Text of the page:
Cortes made a few key allies quickly. He recruited a priest who had been a captive of the Mayans and was able to translate with the locals. After a few battles against the Tabasco people, Cortes accepted their surrender and received a few captives – including the Nahua woman Marina, who would become his mistress and the father of his son Martin. Marina – better known as La Malinche – spoke Nahuatl, the language of the Aztecs. Finally, the conquistador met with several representatives of Montezuma II, and Cortes requested a meeting. The Aztec diplomats, seeing that there was no way this would go well, refused, but Cortes was determined to make the trip anyway.

About this time, supposedly, the local peoples mistook the Spanish for gods – specifically the white god Quetzalcoatl, who had promised to return to the world. While some people undoubtedly did make this assumption, it is a drastic exaggeration to claim that all of Mexico saw Cortes and his small cadre as gods. Most Aztecs and other groups saw Cortes and his men as MEN – even if they were well-armored and outfitted with scary weapons and weird animals. The main source claiming that the Spanish were mistaken for Gods was…Cortes himself, who would certainly have no problem exaggerating his own feats and downplaying the intelligence of these “savages.” In fact, the Aztecs and their subject peoples both saw the Spanish invaders as tools to be used for their own ends. Each group thought they were using the other.

Cortes began his march into the interior in August 1519, gaining allies by reputation or force. After a few initial skirmishes, he made good friends with the Tlaxcalans who – after a few battles – started wondering if these weird white people would be useful allies against the Aztecs. The Tlaxcalans warned Cortes that the route the Aztecs wanted him to travel was surely an ambush. When Cortes slipped by this planned trap, Montezuma II was forced to confront the possibility that maybe they were gods, after all. Montezuma wasn’t the sharpest knife in the drawer; most of his advisors saw right through Cortes.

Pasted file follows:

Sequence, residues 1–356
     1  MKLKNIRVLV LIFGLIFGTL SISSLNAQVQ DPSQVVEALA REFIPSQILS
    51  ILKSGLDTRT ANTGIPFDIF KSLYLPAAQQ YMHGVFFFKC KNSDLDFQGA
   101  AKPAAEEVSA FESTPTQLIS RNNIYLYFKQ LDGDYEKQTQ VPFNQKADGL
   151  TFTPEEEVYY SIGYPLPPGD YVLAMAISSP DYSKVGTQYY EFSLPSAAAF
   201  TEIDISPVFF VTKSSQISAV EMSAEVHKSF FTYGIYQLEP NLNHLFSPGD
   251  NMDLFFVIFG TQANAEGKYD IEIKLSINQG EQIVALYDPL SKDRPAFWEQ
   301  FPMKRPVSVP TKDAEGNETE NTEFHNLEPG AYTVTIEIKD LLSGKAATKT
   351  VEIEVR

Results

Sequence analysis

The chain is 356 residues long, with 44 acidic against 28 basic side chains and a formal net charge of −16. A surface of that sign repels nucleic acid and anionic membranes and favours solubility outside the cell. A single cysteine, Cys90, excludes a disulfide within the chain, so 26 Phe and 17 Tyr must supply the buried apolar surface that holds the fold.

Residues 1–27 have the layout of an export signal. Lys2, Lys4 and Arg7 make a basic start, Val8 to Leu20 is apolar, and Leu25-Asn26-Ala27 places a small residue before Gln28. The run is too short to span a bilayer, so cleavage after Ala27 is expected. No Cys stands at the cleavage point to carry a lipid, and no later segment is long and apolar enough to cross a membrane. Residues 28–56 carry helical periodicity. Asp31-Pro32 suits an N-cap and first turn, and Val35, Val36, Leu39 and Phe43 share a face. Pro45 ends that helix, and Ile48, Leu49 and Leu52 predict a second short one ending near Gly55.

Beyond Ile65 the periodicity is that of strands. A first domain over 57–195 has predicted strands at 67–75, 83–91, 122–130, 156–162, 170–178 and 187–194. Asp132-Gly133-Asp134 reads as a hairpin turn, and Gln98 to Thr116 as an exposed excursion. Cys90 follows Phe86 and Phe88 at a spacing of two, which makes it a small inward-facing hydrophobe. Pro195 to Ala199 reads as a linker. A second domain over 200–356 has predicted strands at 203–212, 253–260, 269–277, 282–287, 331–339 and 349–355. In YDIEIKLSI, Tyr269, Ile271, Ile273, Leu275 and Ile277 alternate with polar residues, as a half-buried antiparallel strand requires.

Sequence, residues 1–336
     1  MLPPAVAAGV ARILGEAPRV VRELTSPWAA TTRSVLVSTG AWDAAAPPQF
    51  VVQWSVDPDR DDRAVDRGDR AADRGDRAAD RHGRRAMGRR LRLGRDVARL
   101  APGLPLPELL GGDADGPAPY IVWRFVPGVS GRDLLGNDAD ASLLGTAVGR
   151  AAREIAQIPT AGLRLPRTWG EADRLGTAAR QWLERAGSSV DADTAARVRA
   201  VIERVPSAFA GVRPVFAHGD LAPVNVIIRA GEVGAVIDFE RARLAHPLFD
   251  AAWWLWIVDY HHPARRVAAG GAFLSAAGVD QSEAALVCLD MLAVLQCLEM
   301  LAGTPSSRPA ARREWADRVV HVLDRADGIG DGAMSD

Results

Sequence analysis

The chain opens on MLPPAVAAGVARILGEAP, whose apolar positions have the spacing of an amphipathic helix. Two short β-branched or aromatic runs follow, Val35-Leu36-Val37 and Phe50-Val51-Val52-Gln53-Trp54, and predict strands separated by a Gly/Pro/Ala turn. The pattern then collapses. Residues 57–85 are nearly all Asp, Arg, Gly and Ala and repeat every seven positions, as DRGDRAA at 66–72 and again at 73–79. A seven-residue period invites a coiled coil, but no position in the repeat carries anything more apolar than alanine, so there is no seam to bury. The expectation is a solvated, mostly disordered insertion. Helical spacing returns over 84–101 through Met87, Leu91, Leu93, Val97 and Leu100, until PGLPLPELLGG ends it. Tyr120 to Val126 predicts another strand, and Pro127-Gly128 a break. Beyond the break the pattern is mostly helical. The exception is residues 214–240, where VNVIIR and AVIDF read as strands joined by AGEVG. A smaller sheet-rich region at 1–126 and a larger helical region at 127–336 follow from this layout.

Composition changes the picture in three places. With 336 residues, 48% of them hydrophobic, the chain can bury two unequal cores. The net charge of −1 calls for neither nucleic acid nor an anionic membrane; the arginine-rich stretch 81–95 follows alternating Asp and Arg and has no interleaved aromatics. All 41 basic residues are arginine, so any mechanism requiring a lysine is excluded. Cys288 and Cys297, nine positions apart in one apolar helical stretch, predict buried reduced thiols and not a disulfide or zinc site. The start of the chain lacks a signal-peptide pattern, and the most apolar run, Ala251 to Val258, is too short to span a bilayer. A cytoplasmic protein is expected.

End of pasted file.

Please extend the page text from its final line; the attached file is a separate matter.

When Cortes entered Tenochtitlan on November 8, 1519, he was amazed at the vast wealth and beauty of the city. After only a few weeks in the city, though, he learned that the garrison he had left back on the coast had been attacked by the Aztec governor. Cortes seized on this pretext to take Montezuma hostage and tried to rule through him. The Spanish soldiers with their steel armor, cannons, and mounted officers were a match individually for anything the Aztecs had to throw at him. Cortes’ use of Montezuma as a puppet made him cocky, though, and he went a step too far when he tried to dismantle the Aztec religion in favor of Catholicism.

In the midst of all this disquiet, Cortes received word that Diego Velasquez had sent a second expedition – not to conquer the Aztecs, but to track down and arrest Cortes for his illegal invasion. For a few weeks, Cortes negotiated with the expedition while carefully leaking word of the riches of the Aztecs, subverting many of the governor’s men to his cause. In the spring of 1520, Cortes led about 250 men against the 750 of the new army, and in a stunning victory he utterly defeated them and incorporated them into his own force.